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Download The Sugar King of Havana: The Rise and Fall of Julio Lobo, Cuba's Last Tycoon eBook

by John Paul Rathbone

Download The Sugar King of Havana: The Rise and Fall of Julio Lobo, Cuba's Last Tycoon eBook
ISBN:
0143119338
Author:
John Paul Rathbone
Category:
Leaders & Notable People
Language:
English
Publisher:
Penguin Books; Reprint edition (July 26, 2011)
Pages:
320 pages
EPUB book:
1943 kb
FB2 book:
1304 kb
DJVU:
1922 kb
Other formats
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Rating:
4.8
Votes:
857


Book by Rathbone, John Paul. This book was a pleasure to read for several reasons.

Book by Rathbone, John Paul. I was reading this book in an apartment in Vedado, not far from where Lobo spent most of his mature years, so in a way this book had an extended effect, spilling over into my daily life. Lobo is still a rather controversial figure in Cuba and is well known especially a This book was a pleasure to read for several reasons.

Rathbone, John Paul 2010 The Sugar King of Havana. The Rise and Fall of Julio Lobo Cuba's Last Tycoon. Penguin Press, London. eISBN 97811010458914. To readers interested in late nineteenth and twentieth century Cuba, "The Sugar King of Havana" is a must read. Andrew J. Rodriguez Award-winning author of "Adios, Havana," a Memoir.

Автор: Rathbone John Paul Название: Sugar King of Havana .

Автор: Rathbone John Paul Название: Sugar King of Havana: The Rise and Fall of Julio Lobo, Cuba& Last Tycoon Издательство: Random House (USA) Классификация: ISBN: 1400168759 ISBN-13(EAN): 9781400168750 ISBN: 1-400-16875-9 ISBN-13(EAN): 978-1-400-16875-0 Обложка/Формат: MP3 CD Дата издания: 0. 8. This much-needed book will give you the tools needed to help your teen regulate his or her emotions

Электронная книга "The Sugar King of Havana: The Rise and Fall of Julio Lobo, Cuba's Last Tycoon", John Paul Rathbone.

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The sugar king of Havana : the rise and fall of Julio Lobo, Cuba’s last tycoon, John. Cuba has known many rich men since Christopher Columbus first introduced sugarcane to the island. At the start of the twentieth century, one Cuban sugar baron tiled the floors of his Havana palace with Italian marble bedded down in sand imported from the Nile.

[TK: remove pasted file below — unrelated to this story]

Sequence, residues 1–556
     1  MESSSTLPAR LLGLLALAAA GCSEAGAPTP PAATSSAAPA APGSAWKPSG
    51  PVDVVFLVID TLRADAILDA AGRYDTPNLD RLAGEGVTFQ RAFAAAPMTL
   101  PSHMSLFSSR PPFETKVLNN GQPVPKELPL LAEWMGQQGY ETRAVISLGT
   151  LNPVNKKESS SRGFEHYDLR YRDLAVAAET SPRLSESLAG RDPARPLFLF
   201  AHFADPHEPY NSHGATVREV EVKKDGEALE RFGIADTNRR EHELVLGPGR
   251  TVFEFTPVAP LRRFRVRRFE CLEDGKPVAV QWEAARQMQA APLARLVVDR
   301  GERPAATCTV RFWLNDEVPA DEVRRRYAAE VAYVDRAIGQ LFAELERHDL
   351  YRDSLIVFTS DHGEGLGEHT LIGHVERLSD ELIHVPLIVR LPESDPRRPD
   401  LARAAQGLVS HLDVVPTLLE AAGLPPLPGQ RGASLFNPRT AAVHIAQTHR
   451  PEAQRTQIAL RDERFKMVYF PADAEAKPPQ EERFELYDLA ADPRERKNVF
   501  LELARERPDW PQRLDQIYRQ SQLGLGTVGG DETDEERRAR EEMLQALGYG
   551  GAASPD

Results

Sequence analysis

Julio Lobo y Olavarria (30 October 1898– 30 January 1983) was a powerful Cuban sugar trader and financier. John Paul Rathbone, The Sugar King of Havana: the Rise and Fall of Julio Lobo, Cuba's Last Tycoon (2010). From the late 1930s to 1960, when he left Cuba to go into exile, Lobo was considered the single most powerful sugar broker in the world. His assets then included 14 sugar mills, over 30,000 acres of land, a bank, an insurance company, and offices in Havana, New York City, London, Madrid, and Manila.

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Like many in Cuba’s upper-middle class, Lobo studied in the United States

Like many in Cuba’s upper-middle class, Lobo studied in the United States. Returning to Cuba in 1919, Lobo became involved in the family’s sugar business and saw the industry experience an intense cycle of growth and contraction from 1920 to 1933-the years of the Alfredo Zayas government and the Gerardo Machado dictatorship. His marriage in 1932 to María Esperanza Montalvo, a descendant of sugar industry elites, opened doors for Lobo to the Cuban bourgeoisie.

Changes in the sugar content of the water of the coconut have been followed during ripening and germination. Thereafter non-reducing sugars appear,. To a certain extent all governments try to "put their best foot forward;" however the present Cuban government is given to this a great deal more than most. Thus I applaud the John Paul Rathbone for his careful attention to reality when discussion discussing the alleged or real killings at the Senado Sugar Mill in 1933 (pages 90-100)

"Fascinating...A richly detailed portrait." -Michiko Kakutani, The New York Times Known in his day as the King of Sugar, Julio Lobo was the wealthiest man in prerevolutionary Cuba. He had a life fit for Hollywood: he barely survived both a gangland shooting and a firing squad, and courted movie stars such as Joan Fontaine and Bette Davis. Only when he declined Che Guevara's personal offer to become Minister of Sugar in the Communist regime did Lobo's decades-long reign in Cuba come to a dramatic end. Drawing on stories from the author's own family history and other tales of the island's lost haute bourgeoisie, The Sugar King of Havana is a rare portrait of Cuba's glittering past—and a hopeful window into its future.